Extramarital dating website Ashley Madison has been hacked. The hackers identify themselves as The Impact Team. Despite sounding like the name of a terrible eighties movie, the Impact Team are putting out some pretty serious threats. Unless their demands are met they will release customers’ real names, profiles, nude photos, credit card information, and sexual fantasies. But who is in the right here? Is it the website encouraging people to cheat on their partners? Or is it the group of hackers threatening to release people’s personal information? Likewise are the 37 million members merely victims or did they have this coming?

The answer is a nuanced one. My first instinct was to condemn the site whose tagline is ‘Life is short. Have an affair’. Almost anyone, especially people who have been cheated on, would have this reaction. Of course they need to be exposed but let’s take a moment and consider whether Impact’s reaction is a reasonable one. Only two months ago another website, Adult FriendFinder, was hacked and the information of 3.5 million members (of the 45 million subscribers) was released. In this case it’s hard to argue on the side of the hackers. These people had no explicit intentions to cheat and were innocently using a dating site.

So what were the intentions of this hack? The perpetrator, Andrew Auernheimer, stated that he began with government workers as they would be the easiest to shame. He also claimed that one victim, a naval intelligence officer, tried to cheat on his wife. As we grasp for some motivation it would seem that in the Adult FriendFinder case it was a healthy mix of sadism and vigilante revenge.

It’s always tempting to spice things up when you’ve been staring at a wall for three straight days.
It’s always tempting to spice things up when you’ve been staring at a wall for three straight days.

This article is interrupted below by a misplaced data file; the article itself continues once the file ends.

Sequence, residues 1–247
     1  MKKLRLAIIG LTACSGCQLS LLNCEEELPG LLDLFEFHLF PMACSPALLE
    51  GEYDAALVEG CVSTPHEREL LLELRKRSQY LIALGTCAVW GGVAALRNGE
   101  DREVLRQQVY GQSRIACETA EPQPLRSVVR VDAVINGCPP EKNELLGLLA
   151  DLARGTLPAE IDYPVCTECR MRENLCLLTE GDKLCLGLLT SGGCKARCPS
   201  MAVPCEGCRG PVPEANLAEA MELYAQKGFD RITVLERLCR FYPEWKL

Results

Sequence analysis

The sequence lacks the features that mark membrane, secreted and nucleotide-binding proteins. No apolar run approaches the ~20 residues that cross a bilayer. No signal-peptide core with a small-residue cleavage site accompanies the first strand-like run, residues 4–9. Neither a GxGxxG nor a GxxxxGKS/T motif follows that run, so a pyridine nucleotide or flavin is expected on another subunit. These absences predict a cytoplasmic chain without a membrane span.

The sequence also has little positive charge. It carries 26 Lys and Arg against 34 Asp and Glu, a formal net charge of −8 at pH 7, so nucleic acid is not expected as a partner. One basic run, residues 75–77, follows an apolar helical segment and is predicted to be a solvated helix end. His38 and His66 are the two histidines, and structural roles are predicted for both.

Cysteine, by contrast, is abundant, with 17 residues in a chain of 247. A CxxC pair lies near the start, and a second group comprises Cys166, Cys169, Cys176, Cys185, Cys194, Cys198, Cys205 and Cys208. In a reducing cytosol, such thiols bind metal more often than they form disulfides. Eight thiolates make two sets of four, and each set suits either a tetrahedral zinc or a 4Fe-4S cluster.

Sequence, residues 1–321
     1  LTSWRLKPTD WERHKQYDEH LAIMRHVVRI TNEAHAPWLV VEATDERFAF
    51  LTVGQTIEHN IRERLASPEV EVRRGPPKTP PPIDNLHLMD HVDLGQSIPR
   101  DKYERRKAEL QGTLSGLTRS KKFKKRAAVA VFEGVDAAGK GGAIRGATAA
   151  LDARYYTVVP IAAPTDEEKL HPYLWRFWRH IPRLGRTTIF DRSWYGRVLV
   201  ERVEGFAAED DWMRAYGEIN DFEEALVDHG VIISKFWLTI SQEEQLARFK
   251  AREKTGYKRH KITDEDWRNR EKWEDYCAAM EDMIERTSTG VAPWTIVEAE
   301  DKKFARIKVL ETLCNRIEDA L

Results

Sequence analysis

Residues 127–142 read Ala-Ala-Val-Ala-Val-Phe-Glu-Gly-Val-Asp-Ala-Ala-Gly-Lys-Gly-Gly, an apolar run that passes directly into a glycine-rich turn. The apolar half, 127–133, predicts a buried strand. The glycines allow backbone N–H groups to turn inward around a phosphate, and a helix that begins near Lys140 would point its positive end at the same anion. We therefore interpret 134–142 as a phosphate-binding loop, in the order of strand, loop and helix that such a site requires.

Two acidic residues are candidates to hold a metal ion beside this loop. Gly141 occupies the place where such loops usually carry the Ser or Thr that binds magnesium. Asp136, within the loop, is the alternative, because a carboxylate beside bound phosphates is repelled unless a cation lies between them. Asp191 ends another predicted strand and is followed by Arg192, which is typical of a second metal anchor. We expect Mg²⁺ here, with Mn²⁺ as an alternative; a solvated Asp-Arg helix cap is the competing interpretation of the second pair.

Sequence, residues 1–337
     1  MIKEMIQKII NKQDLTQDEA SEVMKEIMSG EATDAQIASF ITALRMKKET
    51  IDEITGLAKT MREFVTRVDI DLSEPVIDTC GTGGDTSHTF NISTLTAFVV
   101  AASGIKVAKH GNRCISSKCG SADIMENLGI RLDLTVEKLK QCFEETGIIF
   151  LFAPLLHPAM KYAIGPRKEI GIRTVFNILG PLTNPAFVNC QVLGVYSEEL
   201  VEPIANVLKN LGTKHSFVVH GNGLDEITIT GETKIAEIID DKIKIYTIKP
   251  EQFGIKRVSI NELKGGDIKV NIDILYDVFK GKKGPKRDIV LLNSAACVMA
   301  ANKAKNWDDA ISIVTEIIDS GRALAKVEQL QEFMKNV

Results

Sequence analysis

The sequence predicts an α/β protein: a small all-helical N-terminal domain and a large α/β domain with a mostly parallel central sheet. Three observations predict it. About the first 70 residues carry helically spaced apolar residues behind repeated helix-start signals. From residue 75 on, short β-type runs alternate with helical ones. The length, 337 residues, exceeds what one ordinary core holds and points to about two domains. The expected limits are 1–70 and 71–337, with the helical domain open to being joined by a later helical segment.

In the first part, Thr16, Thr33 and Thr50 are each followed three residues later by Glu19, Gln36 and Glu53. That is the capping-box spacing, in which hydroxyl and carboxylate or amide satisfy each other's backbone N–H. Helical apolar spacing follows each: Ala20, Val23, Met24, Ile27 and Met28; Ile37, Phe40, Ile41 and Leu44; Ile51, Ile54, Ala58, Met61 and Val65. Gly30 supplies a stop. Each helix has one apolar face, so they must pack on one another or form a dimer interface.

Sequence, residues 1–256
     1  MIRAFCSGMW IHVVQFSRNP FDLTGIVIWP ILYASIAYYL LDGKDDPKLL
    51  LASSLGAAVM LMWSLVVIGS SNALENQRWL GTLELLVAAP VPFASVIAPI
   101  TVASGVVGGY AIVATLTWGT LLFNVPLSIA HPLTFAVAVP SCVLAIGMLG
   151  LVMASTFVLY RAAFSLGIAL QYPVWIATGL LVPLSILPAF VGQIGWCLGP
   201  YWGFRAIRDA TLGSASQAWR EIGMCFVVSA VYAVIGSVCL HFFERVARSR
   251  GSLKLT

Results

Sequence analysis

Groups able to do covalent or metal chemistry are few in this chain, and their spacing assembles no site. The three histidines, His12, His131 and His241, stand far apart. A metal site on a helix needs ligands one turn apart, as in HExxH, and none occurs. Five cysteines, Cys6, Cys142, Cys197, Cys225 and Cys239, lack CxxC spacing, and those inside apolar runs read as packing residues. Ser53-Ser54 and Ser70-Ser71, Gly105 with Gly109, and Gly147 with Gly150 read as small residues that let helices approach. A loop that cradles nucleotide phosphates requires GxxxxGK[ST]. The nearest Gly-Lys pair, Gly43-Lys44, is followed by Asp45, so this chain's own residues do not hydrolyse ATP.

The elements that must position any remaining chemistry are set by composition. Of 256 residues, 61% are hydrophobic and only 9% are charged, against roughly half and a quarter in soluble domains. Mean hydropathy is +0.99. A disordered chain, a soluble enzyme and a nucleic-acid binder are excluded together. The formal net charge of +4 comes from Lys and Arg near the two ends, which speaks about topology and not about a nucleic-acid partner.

So does anyone have the right to inject their own morality into other people’s lives? No. Imposing ones values on others is oppression at best and terrorism at worst. A more systematic example of this is the banning of gay sex in some parts of the USA until 2003, or refusing gays the right to marry until even more recently. Right-wing parties like the English Defence League (EDL) or the Republican party in the USA are terrified of other cultures (Islam specifically) being imposed upon them despite imposing their own values on others against their will. Granted this hack doesn’t approach the nefariousness of the Republicans or ISIS but it represents the same misguided self-righteousness. Unless you are involved in someone’s life, unless you care about their wellbeing, then what they do is none of your business, and even what’s ‘right’ is relative. It is the business of a friend to warn of an affair if they are privy to that information but it is by no means the business of strangers. The motivation of the friend is concern; the motivation of the stranger is ‘justice’.

Ninja masks are essential when you’ll never see or meet anyone your actions will effect.
Ninja masks are essential when you’ll never see or meet anyone your actions will effect.

Then there’s the question of whether extramarital sex is inherently wrong. When it is labelled ‘cheating’, the implication is that the couple have agreed to be exclusive with one another. In that case the sexual act is not so much immoral but rather the breaking of an agreement. So then the problem is not primarily with the affair itself, but with the state of the agreement or the fact that it was entered into in the first place. Clearly the cheating party didn’t want to be in an exclusive partnership or changed their mind partway through. In the case of the former the solution is to find someone with whom a non-exclusive relationship would be a viable option, in the case of the latter either renegotiation or divorce seem appropriate.

So should Ashley Madison be shut down? Yes. Should the 37 million members have their details exposed? No. No doubt some are secretly cheating, but some may have agreed with a spouse but chosen to keep it a secret from their friends for fear of judgement – a common situation in consensual polyamory.

This sweeping justice is perverse, as is any punishment that doesn’t take the nuances of humanity into consideration.